For The Casual Vacancy is, to me, essentially a story of ourselves as we are, now, in our communities, in our society today, just as we always have been; unredeemed, doing things ‘our way’ and not God’s way, and reaping the consequences.  It’s only JK Rowling’s decision not to take the opportunity for a stronger redemptive message which prevents me from giving her book the highest possible rating.

200 Years of Australian Art at the Royal Academy: Connections Between Painting and the Spiritual Realm

From indigenous art through to ‘discovery’ by European explorers, the arrival of the first British settlers, dismay, denial and idealization, to  acceptance, new understanding and redemption, this exhibition of Australian paintings at the Royal Academy in London took me on a journey through the spiritual heart of my own experience of this great continent.

AUSTRALIA EXHIBITION, Royal Academy of Arts

AUSTRALIA EXHIBITION, Royal Academy of Arts

As Russell Drysdale said, “In Australia there is a quality of strangeness that you do not find … anywhere else.”

Reviews of this exhibition have  been mixed, with a lot of  criticism levelled at it in the UK. But from the first painting of a  convict settlement, neat, peaceful, well spaced out and idealized, through to the contemporary paintings struggling to reconcile the wounded history of cruelty, misunderstanding and conflict between aboriginal people and European colonial settlers, this exhibition was for me an opportunity to revisit and relive my own experience of four and a half years living in this great continent.

In particular a swirling picture by a Queensland artist of the rainforest-clad mountains near Brisbane seemed to reflect exactly my own experience of this beautiful landscape.

The indigenous artworks were particularly moving, with their distinctive use of rarrk – the cross hatched patterns characteristic of aboriginal artists, as they depict rain running down dunes, undulating landscapes, waterholes and trees and spirit ancestors, believing that we tread the earth for a while then come out of it and become part of the ancestral realm again.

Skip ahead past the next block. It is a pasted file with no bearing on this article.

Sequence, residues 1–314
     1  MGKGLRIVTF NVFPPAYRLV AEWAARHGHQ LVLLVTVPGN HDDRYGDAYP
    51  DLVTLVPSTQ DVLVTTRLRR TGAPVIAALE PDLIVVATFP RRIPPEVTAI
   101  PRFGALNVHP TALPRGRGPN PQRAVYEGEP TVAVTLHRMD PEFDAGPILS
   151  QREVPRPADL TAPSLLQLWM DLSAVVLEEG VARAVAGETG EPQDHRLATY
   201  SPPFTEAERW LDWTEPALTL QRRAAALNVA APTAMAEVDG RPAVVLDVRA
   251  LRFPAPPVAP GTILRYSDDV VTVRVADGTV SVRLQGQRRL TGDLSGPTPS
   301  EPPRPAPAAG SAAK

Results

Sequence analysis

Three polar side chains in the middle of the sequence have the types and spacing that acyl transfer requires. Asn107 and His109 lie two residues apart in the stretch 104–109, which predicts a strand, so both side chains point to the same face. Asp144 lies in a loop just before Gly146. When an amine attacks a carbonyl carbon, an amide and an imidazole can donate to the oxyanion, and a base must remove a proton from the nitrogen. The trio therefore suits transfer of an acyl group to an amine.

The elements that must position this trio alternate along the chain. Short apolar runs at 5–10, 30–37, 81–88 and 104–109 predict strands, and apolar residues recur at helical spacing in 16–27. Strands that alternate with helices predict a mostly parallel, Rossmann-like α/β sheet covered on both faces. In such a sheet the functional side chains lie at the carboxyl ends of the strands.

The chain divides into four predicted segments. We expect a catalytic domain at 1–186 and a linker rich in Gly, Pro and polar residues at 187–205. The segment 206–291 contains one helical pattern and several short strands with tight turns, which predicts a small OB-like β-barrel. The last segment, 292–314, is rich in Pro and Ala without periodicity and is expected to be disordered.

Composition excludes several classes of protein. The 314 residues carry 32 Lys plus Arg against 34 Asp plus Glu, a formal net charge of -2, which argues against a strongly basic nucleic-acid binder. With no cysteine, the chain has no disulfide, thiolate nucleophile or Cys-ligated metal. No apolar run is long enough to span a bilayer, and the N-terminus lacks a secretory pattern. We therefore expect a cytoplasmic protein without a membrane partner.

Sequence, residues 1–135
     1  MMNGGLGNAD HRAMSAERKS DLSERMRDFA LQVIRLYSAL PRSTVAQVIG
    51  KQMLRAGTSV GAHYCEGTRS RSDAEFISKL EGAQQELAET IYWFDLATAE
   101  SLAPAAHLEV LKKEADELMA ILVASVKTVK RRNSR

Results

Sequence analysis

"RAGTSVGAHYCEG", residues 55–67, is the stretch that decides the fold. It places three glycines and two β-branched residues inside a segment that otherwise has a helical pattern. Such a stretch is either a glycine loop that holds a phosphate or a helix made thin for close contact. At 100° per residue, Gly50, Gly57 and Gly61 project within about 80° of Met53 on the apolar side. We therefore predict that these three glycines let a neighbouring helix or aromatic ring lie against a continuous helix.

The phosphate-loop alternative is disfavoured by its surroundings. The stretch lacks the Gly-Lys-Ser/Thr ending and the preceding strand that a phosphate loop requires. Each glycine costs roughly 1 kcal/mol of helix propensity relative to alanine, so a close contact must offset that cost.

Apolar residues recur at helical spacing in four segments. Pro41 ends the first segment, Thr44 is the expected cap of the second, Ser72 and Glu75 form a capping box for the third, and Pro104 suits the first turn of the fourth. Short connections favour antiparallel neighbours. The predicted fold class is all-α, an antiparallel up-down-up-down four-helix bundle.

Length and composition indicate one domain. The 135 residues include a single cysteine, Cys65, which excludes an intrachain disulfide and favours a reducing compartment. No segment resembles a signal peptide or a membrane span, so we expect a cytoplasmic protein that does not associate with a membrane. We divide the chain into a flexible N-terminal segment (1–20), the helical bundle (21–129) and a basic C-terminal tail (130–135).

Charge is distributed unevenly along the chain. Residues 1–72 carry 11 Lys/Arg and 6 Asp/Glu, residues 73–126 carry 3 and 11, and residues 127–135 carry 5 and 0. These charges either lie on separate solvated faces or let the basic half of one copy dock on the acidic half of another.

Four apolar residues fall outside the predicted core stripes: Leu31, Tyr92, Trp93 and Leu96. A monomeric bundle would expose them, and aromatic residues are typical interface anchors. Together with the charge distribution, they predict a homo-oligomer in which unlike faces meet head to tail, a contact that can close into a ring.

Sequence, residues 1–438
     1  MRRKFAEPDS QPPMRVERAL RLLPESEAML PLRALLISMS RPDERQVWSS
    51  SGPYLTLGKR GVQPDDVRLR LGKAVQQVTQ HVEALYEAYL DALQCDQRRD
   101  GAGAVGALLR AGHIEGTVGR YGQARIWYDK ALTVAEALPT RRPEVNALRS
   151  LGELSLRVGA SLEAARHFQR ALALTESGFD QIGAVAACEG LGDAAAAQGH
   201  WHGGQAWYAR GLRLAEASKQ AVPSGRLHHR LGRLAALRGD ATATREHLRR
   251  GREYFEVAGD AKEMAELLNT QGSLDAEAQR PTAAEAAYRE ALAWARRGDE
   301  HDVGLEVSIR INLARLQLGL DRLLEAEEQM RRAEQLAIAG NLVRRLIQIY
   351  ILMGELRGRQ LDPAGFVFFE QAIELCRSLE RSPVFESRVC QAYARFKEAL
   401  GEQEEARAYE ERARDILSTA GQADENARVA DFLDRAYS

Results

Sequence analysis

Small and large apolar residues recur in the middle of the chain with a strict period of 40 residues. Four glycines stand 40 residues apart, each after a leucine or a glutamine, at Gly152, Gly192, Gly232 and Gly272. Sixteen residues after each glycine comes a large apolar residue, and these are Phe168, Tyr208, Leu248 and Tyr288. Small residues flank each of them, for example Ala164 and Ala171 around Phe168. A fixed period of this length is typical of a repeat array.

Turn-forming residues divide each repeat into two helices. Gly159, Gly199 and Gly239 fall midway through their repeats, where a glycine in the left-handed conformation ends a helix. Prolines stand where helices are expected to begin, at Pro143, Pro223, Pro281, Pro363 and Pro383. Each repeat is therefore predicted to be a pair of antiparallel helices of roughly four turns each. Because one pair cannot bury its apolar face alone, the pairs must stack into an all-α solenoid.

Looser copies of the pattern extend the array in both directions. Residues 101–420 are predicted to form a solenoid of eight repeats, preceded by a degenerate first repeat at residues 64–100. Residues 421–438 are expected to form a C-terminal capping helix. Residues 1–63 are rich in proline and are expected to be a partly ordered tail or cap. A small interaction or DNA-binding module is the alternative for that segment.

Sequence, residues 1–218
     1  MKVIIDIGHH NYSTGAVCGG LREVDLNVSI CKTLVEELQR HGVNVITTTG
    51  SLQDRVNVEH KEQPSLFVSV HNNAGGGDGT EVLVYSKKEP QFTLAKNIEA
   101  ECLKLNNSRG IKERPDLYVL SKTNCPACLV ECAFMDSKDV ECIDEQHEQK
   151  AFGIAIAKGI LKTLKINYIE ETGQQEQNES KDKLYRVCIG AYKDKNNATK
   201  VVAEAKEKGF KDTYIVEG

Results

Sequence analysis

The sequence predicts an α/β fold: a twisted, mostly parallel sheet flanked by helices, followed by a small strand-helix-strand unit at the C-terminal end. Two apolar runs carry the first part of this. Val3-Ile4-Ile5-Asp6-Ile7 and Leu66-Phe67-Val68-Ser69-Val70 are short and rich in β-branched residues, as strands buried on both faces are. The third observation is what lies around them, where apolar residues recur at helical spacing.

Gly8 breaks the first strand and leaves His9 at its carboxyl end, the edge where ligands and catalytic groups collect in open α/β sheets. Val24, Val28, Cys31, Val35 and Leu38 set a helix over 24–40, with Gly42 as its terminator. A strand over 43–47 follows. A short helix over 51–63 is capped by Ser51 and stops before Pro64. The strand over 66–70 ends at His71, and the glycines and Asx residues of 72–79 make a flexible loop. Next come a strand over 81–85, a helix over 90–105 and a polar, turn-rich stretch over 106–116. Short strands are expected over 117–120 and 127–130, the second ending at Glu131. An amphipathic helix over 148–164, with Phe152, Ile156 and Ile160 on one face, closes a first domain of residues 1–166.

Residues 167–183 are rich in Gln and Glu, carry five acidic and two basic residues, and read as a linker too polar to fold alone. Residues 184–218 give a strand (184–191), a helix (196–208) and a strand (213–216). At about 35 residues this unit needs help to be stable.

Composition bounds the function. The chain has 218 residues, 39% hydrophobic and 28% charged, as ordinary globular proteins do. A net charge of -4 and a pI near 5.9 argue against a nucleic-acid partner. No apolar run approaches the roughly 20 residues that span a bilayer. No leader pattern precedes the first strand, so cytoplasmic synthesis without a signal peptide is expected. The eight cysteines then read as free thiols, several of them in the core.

Two phrases seemed to touch the heart of this exhibition : “access to” and “isolation from”. Both of these were exemplified in a painting by John Brack, The Car (1955) which I couldn’t help responding to with amusement and yet behind it lay a profound resonance: a family in an ugly cheap car, out for a day trip, the father at the wheel, the mother smiling, the two children in the back staring straight at you, the viewer… and behind them the vastness of the Australian landscape.

And the picture “Australian Beach Pattern” by Charles Meere (1940) of the bronzed perfect bodies on the beach, men, women, children and babies, all strong, confident, was for me worryingly reminiscent of the kind of the pictures produced by artists in the Soviet Union as part of a propaganda campaign for the Soviet communist party. Yet later, the trauma of the Second World War affected the mood of optimism and this image was superseded by Albert Tucker with a painting of red,scorched hunks of flesh on another beach.

There was no painting of Sydney Opera House, my favourite of  all buildings; but there was one by Grace Cossington Smith of Sydney Harbour Bridge being built, (“The Bridge in Building”, 1929) viewed from below,  demonstrating pride, hope, creative enterprise, ingenuity, and above, beyond and around it a distinctly spiritual resonance.

The indigenous people of Australia  were the ones who fully understand and imbued the earth with sacred forces. They were the ones who gave this continent its air of mystery and spiritual power. And yet I can,too, be thankful to those eighteenth century settlers, because they prepared the way so that I,and many others, might have access to the most sublime of scenery. Even now when I drive up a steep winding road I think “Mount Glorious” . And when I saw Kenneth  McQueen’s picture I thought “Yes!” And my heart lifted. “Maiala Rainforest” – conveyed just as I experienced it and remember it now, in swirling patterns of movement.